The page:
Armond White: Weinstein’s “Lawless” Presents U.S. History as Torture Porn

Written by Armond White on . Posted in Arts & Film, Arts Our Town, Arts West Side Spirit, Film, Our Town, Our Town Downtown, West Side Spirit.


Tom Hardy and Jessica Chastain in Lawless. Via City Arts.

Harvey Weinstein called for a summit meeting on movie violence soon after the Dark Knight Rises massacre. It hasn’t happened yet but Harvey’s word becomes cultural law. So, instead, The Weinstein Company this week releases John Hillcoat’s Lawless, the most promiscuously violent movie since The Dark Knight Rises. If you go to see Lawless, duck.

About the three Bondurant brothers of Virginia who were moonshine runners opposing corrupt Feds during Prohibition, Lawless (which premiered at Cannes months before the Aurora catastrophe) defies concerns about movie carnage by showing off an array of ultra-violence: a high body count, several punched-bloody faces, numerous Tommy gun shootouts, rapes, throat slitting, even a detailed tar-and-feathering. This fake folk tale, recalling the history of violent Americana, combines the period nostalgia of Western and gangster sagas with the extreme ghoulishness of a horror flick.

Lawless contradicts Weinstein’s stated concern for the Colorado-Batman slaughter. The film’s acquisition and distribution follows the Weinstein Company’s usual procedure. As Weinstein said on July 26 “It‘s a question that I wrestle with all the time. I‘ve been involved with violent movies, and then I’ve also said at a certain point, ‘I can‘t take it anymore. Please cut it.’ You know, you’ve got to respect the filmmaker and it’s really a tough issue….I think as filmmakers, we should sit down–the Marty Scorseses, the Quentin Tarantinos, and hopefully all of us who deal in violence in movies–and discuss our role in that.”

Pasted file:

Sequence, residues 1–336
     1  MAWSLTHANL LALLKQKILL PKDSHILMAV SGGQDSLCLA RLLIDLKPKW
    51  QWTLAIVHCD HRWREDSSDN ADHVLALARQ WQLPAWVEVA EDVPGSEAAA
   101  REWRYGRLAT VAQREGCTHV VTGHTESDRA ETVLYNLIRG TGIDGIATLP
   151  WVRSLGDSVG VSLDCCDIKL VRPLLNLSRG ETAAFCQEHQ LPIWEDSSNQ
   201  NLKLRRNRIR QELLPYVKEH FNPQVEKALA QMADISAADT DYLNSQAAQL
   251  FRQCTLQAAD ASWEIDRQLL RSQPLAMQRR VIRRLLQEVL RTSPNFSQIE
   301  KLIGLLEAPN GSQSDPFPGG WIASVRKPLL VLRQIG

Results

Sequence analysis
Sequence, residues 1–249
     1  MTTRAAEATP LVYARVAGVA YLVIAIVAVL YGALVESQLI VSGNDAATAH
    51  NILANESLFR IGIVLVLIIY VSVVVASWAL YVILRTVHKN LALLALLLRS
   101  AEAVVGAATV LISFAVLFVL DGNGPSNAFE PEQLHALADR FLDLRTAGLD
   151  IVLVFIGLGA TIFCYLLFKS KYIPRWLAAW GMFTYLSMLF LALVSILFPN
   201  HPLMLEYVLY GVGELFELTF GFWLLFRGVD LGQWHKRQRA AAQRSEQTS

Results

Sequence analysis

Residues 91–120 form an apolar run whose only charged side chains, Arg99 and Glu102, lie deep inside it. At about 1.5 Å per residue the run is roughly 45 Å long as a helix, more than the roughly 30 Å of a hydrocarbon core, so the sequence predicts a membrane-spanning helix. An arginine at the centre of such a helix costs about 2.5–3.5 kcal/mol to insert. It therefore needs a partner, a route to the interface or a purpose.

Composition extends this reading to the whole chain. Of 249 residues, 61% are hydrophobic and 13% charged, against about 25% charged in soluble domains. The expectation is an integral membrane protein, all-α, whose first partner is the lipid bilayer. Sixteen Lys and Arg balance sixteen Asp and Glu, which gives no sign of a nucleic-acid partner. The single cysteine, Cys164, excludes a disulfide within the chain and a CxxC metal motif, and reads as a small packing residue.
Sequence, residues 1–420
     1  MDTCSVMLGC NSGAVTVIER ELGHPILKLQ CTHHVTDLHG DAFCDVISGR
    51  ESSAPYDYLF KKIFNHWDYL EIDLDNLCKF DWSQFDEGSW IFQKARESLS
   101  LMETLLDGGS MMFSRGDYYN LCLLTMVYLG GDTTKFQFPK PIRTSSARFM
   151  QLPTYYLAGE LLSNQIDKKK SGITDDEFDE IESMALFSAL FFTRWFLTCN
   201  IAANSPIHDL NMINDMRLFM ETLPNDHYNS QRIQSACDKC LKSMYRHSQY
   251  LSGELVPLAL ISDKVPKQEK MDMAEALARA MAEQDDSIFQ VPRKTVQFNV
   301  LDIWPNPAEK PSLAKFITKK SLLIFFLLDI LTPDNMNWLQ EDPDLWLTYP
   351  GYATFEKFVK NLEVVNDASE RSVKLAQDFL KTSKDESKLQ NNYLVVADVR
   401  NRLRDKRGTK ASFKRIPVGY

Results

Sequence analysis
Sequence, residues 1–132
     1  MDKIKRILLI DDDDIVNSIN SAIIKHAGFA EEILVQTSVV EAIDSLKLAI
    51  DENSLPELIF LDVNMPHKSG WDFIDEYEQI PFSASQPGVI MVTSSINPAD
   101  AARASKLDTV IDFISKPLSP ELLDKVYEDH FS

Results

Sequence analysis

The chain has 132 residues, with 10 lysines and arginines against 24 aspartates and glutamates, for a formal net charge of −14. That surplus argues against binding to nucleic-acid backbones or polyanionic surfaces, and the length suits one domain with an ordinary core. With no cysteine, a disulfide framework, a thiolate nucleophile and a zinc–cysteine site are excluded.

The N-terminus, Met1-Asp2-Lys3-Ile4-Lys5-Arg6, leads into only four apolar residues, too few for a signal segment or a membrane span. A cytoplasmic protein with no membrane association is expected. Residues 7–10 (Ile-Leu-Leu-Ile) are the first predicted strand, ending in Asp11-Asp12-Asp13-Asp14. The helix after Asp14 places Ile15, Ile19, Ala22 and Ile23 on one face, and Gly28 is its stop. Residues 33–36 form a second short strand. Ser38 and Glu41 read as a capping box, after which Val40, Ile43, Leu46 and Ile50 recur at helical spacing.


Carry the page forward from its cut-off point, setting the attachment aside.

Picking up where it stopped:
It must pain Lawless’ director John Hillcoat, that he wasn’t included in the rarefied company of Weinstein’s short-listed violence-meisters. Hillcoat has worked at shaping a career of misanthropy, ferocity and perversion ever since his nihilistic western The Proposition and his apocalyptic Cormac McCarthy adaptation The Road. His movies are not meant to be fun. He literalizes the violence described in the murder ballad folk tunes favored by musician Nick Cave who wrote the screenplay for Lawless based on Matt Bondurant’s fictional account of family history The Wettest County in the World. Hillcoat has directed several Cave music videos and his feature films extended Cave’s casual fascination with death and violence.

That’s the problem with Lawless: it’s casual about Prohibition’s bloody history, Hillcoat’s relentless display of ruthless behavior and scary hostility exceeds concern with social accuracy, familial empathy–and the effect of violent sensationalism on audiences. Like the makers of gruesome horror-core movies and post-9/11 nihilistic dramas, Hillcoat pushes the shock of violence, pretending a basic expression of mankind’s cruelty.

To read the full review at City Arts click here.

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